You're gonna want to watch the impressive maneuverability of the Sikorsky S-97 Raider during a flight demo for Army leadership in Florida.

WEST PALM BEACH, Fla. — Lockheed Martin’s Sikorsky is already building its prototype for the U.S. Army’s Future Attack Reconnaissance Aircraft competition ahead of the service actually choosing companies to build prototypes.

While the Army will select two companies to proceed next month, Lockheed is already using funding as part of its contract to build its Raider X coaxial helicopter, Tim Malia, Sikorsky’s FARA director, told a group of reporters Feb. 19 at the company’s flight test facility.

The Army awarded full-scope contracts to the five teams selected to design FARA; those deals included funding to build aircraft. But when the Army chooses which two teams will move forward, that funding spigot essentially turns off for those that aren’t picked.

When asked what happens with Raider X, should the Army decides to go with other teams, Malia said: “I don’t anticipate that problem.”

The five teams that won awards in April 2019 to design FARA were: AVX Aircraft partnered with L3 Technologies; Bell Helicopter; Boeing; a Karem Aircraft, Northrop Grumman and Raytheon team; and Sikorsky.

Sikorsky’s offering is based on its X2 coaxial technology seen in its S-97 Raider and the Sikorsky-Boeing developed SB-1 Defiant, which are now both flying.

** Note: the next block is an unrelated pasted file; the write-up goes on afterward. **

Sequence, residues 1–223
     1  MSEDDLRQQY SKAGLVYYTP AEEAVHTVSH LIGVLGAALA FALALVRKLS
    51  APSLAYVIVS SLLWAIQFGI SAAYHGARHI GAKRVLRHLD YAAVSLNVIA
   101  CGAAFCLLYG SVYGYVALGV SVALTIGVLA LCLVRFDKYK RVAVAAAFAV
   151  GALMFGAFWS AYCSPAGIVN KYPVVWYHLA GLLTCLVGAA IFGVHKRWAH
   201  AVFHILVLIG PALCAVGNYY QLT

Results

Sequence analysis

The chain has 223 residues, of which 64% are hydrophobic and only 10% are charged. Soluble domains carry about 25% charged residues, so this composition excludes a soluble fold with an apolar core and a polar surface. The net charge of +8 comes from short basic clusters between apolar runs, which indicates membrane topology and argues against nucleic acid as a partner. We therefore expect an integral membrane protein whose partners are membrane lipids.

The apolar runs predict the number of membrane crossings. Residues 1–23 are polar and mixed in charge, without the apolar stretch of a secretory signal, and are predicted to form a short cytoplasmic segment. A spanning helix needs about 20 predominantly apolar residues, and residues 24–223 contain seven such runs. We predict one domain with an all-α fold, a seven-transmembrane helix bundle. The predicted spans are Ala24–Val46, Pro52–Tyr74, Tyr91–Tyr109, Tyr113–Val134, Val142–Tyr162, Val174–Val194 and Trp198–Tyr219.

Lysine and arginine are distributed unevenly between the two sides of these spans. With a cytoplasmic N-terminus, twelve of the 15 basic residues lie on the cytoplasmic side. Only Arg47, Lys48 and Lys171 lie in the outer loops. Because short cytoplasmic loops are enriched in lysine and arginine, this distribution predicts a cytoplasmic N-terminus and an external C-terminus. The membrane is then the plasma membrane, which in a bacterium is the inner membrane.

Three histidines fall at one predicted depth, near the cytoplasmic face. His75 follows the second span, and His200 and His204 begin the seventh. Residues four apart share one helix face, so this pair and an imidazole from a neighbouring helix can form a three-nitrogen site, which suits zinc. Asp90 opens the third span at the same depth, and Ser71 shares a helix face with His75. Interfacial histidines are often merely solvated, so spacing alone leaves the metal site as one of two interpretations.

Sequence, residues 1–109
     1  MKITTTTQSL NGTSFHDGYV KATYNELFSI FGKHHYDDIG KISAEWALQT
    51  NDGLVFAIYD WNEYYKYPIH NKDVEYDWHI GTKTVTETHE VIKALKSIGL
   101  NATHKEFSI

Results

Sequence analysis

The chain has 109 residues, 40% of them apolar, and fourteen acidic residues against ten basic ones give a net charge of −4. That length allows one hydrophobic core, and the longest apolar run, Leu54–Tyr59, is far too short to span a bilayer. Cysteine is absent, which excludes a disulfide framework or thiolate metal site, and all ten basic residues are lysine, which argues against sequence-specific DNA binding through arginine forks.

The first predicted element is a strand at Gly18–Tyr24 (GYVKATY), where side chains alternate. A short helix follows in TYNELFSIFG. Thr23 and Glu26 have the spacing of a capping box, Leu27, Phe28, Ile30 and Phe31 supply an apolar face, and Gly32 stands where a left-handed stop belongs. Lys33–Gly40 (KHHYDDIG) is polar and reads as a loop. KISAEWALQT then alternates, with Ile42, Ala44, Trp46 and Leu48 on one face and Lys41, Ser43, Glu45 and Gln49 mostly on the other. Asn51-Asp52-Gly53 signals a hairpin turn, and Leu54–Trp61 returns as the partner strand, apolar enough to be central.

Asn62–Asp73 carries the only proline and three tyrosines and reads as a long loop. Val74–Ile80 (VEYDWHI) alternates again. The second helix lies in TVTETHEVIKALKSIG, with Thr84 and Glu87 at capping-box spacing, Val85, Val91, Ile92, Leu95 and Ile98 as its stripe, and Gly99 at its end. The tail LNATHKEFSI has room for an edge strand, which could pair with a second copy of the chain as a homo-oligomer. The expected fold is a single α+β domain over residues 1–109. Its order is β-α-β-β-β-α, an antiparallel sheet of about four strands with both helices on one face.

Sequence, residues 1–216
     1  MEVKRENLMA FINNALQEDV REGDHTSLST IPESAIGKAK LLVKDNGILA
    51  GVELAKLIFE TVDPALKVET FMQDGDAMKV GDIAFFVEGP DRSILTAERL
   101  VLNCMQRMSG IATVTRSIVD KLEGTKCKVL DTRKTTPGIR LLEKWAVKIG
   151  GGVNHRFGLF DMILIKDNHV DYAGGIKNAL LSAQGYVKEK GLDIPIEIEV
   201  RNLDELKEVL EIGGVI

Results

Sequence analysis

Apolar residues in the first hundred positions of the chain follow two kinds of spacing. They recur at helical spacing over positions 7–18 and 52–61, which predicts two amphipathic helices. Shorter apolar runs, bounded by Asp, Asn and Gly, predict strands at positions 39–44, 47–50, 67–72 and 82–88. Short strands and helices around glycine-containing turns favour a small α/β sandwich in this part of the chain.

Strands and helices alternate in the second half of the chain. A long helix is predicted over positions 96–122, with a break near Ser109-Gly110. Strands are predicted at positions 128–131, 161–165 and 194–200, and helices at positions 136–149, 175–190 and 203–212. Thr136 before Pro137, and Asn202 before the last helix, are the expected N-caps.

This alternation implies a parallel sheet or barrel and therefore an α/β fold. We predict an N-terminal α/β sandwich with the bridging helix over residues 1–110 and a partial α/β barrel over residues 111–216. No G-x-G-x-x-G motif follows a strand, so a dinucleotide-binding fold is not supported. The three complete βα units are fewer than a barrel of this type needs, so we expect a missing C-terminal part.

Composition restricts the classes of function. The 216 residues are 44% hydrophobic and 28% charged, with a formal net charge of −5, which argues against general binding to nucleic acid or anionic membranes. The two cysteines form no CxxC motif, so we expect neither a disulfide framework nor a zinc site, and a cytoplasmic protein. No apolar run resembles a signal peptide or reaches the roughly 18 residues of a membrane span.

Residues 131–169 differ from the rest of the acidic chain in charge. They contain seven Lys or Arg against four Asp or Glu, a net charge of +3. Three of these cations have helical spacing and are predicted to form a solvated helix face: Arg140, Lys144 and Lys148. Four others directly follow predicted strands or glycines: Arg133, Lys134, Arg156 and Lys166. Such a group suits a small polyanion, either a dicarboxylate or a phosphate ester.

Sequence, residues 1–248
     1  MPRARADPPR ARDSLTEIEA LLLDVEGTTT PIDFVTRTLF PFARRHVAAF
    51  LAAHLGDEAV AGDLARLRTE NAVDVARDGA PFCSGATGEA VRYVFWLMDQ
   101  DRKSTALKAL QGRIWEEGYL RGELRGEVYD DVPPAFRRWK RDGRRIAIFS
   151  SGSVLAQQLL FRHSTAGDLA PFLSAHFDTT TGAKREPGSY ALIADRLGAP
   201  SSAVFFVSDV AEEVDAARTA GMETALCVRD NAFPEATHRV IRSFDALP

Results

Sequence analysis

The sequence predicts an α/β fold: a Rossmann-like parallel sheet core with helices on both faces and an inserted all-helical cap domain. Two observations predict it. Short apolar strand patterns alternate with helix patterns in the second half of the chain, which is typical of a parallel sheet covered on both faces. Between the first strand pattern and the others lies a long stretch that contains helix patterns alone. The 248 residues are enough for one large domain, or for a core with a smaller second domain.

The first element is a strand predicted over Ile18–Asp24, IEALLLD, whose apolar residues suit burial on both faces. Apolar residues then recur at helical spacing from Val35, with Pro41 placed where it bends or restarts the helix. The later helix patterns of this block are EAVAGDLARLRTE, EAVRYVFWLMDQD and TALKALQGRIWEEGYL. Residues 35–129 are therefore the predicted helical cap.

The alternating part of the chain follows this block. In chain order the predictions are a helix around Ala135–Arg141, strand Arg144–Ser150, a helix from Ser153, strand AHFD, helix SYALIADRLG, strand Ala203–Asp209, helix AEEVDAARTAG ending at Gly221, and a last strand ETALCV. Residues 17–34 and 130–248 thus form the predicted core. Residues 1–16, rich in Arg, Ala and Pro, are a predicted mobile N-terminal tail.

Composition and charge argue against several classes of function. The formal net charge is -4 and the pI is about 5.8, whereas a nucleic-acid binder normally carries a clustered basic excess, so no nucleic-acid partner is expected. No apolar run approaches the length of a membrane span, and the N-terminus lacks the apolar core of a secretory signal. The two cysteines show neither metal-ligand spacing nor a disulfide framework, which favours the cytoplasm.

The prototype aircraft are expected to start flying in the fourth quarter of fiscal 2022, and the flight test is expected to run through 2023. The engineering and manufacturing development phase is expect to begin in FY24.

“This is the culmination of years of investment in the X2 Technology Demonstrator and the S-97 Raider aircraft that have proven the advanced technology and shown its ability to change the future battlefield,” Malia told Defense News when the company first unveiled its design for FARA.

FARA is intended to fill a critical capability gap currently being filled by AH-64E Apache attack helicopters teamed with Shadow unmanned aircraft following the retirement of the OH-58D Kiowa Warrior helicopters.

The service has tried and failed three times to fill the gap with an aircraft.

The Army also plans to buy another helicopter to fill the long-range assault mission, simultaneously replacing some UH-60 Black Hawk helicopters in the fleet. The SB-1 Defiant is a possible candidate for that future aircraft.

Jen Judson is an award-winning journalist covering land warfare for Defense News. She has also worked for Politico and Inside Defense. She holds a Master of Science degree in journalism from Boston University and a Bachelor of Arts degree from Kenyon College.

More In Land